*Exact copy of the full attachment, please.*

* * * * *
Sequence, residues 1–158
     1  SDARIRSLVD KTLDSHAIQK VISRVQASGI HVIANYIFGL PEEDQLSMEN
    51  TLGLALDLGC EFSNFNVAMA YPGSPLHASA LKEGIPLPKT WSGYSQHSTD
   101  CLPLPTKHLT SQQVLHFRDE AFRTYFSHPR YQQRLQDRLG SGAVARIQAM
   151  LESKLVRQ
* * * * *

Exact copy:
Sequence, residues 1–158
     1  SDARIRSLVD KTLDSHAIQK VISRVQASGI HVIANYIFGL PEEDQLSMEN
    51  TLGLALDLGC EFSNFNVAMA YPGSPLHASA LKEGIPLPKT WSGYSQHSTD
   101  CLPLPTKHLT SQQVLHFRDE AFRTYFSHPR YQQRLQDRLG SGAVARIQAM
   151  LESKLVRQ